https://sustainabilityillustrated.com/en/portfolio/social-sustainability-satisfying-human-needs/

Use a “Pitch Deck” Format for Your Sustainability Project

The SSC Team August 30, 2018 Tags: , , , , , , , , , , , , , Strategic Sustainability Consulting No comments
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Enjoy this post from the SSC Archives. 

 

Investors and C-suite leaders are used to seeing pitch decks. They’re used to getting high-level information that is well presented, organized, and clear, and quickly analyzing it to ask the right questions.

If you bog your ideas or proposals down in data, as we sustainability professionals do love the data, you risk losing the attention of the decision makers and not winning the work or getting the green-light on your big idea.

Instead, consider crafting a pitch deck style presentation to get your idea off the ground. Entrepreneur published a 14-point checklist for investors, and we think it’s easily molded for any project-pitching presentation. Not all 14 are relevant here, but we pulled out the best ones!

1. Cover page.

If you are an outside consultant pitching a project, include personal contact information, logo, and business name to establish your identity. And even if you’re an internal employee, put your name and title on the front page (just in case someone in the board room spaces on your name. Save everyone the embarrassment).

2. Elevator pitch.

Briefly summarize the scope of the project, the goals, and the impact on the company, specifically in terms of this project’s alignment with the company’s strategy (or lack of strategy) in sustainability. Keep this part short.

3. Describe the problem.

Outline why you’re proposing this particular sustainability effort for the company in the first place, using peer benchmarking, risk profiles, and/or stakeholder pressure to demonstrate how this project is a “worthy investment.” For example, if you’re going for a life-cycle assessment for a small manufacturing firm or supplier to a major retailer, talk about supplier scorecards and stakeholder pressure.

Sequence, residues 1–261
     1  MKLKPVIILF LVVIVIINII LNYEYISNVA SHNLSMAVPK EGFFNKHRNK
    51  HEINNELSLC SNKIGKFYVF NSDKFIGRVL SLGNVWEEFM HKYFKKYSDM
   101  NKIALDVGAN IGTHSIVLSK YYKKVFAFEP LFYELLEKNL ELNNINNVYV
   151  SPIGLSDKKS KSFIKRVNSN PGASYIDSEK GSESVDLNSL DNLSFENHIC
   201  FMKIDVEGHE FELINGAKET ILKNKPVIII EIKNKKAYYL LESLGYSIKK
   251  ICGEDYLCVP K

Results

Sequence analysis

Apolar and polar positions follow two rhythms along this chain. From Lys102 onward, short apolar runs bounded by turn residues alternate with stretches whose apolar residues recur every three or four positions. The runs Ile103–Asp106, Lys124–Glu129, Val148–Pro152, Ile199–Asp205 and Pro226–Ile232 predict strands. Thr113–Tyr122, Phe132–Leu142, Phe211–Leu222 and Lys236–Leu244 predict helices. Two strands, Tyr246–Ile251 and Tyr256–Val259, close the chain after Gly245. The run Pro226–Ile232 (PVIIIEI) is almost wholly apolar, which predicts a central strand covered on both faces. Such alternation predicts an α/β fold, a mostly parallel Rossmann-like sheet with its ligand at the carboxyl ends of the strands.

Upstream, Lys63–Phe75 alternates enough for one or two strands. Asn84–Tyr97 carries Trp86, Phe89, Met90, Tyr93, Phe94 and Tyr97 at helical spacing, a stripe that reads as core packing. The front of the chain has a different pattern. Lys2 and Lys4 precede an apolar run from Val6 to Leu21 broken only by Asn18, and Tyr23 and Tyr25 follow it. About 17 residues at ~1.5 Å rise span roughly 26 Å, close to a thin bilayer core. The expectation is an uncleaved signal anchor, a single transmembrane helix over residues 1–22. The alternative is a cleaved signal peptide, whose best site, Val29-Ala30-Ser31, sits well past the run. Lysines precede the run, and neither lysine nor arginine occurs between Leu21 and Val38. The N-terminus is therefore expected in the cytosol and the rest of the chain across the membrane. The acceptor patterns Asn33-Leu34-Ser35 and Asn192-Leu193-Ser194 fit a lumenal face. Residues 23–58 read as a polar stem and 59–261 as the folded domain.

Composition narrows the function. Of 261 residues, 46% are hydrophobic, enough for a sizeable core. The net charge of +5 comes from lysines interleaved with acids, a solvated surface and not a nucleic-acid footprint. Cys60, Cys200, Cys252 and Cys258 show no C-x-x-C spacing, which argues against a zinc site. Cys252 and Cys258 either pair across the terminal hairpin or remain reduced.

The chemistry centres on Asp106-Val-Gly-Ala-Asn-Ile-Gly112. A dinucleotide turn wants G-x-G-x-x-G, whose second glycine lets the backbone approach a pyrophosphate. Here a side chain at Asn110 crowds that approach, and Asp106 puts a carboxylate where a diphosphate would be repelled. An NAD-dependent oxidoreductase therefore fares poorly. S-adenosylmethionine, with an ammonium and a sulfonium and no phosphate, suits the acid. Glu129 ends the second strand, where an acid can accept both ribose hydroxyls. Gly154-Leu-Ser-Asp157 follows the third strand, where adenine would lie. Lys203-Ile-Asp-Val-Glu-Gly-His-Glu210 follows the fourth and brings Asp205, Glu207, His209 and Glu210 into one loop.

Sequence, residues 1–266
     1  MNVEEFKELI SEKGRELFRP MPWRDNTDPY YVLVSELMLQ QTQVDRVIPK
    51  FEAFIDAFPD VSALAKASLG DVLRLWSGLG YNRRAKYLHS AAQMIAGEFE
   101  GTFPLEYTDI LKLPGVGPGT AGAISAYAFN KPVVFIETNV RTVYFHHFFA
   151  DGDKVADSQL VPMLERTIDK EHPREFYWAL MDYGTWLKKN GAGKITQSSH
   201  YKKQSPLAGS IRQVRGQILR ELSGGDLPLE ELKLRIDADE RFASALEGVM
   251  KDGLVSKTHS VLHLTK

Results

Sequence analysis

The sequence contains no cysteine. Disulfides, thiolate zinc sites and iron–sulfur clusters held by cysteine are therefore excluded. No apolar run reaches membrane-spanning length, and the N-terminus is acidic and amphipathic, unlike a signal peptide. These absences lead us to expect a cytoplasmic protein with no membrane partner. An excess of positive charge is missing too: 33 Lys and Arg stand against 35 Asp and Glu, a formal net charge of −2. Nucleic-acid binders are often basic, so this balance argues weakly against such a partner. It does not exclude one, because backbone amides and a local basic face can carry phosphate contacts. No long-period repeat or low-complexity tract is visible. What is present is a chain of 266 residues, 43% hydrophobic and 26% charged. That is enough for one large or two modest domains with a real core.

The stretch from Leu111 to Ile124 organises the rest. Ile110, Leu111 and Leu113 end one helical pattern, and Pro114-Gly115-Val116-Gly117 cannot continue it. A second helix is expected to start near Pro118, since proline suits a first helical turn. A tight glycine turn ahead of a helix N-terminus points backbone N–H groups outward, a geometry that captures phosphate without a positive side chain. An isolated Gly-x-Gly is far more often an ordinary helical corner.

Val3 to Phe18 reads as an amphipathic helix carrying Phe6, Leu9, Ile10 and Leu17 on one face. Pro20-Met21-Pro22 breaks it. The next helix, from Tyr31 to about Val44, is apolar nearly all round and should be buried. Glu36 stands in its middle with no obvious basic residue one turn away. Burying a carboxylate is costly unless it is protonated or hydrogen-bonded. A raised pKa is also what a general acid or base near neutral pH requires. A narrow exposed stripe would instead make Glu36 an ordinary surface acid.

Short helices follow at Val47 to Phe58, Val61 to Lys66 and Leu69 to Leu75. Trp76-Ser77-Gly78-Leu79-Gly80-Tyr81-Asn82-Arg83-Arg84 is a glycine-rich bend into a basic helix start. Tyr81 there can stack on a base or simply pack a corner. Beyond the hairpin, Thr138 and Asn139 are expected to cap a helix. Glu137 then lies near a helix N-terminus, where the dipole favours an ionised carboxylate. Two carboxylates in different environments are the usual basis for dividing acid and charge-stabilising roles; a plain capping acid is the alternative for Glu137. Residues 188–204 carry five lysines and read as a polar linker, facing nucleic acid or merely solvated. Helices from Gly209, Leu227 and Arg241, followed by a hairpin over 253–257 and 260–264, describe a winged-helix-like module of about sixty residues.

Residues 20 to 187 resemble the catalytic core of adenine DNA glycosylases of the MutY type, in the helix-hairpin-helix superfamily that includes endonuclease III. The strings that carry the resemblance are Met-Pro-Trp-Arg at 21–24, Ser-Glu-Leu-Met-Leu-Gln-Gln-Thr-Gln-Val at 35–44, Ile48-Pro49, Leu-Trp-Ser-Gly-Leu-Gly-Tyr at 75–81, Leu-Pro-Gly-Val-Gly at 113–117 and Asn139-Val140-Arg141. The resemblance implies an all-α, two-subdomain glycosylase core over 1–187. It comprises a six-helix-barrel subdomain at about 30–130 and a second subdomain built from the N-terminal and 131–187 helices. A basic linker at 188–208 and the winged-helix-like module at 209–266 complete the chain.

4. Propose a solution.

Explain why this sustainability effort is the best next (or first) step toward a marked solution to the problem. Be realistic and don’t over-promise.

5. Competition.

Bring up other case studies from companies similar to the one you’re pitching and demonstrate how a project of this type has been successful to others.

12. Critical risks and challenges.

In a traditional pitch deck, you would want to “address every obstacle and stumbling block you can foresee,” but in this case use this area to demonstrate that the scope of work might grow or change based on discoveries along the way.

6. Market opportunity.

If you’re a consultant, be sure to point out what makes you different from the competition, whether it’s your extensive industry knowledge, your data collection gurus, or your long performance record.

11. Press mentions and accolades (and case studies or references).

Keep this short, but provide references or a case study that demonstrates your expertise.

9. Team (and budget).

Outline how many of the company’s employees will need to set aside time to support this project (or just the budget if you’re pitching as a consultant).

A solid presentation that is well organized and clear will get your point across quickly and give you more time to answer specific questions if the need arises.

We like to provide clear proposals to our clients to clarify and demystify the processes, benefits, application, and cost of services like life-cycle assessments and sustainability reporting. Although every company is unique, we have more than 10 years of experience delivering valuable results for a modest investment. 

Creating Sustainable Value (for a Business)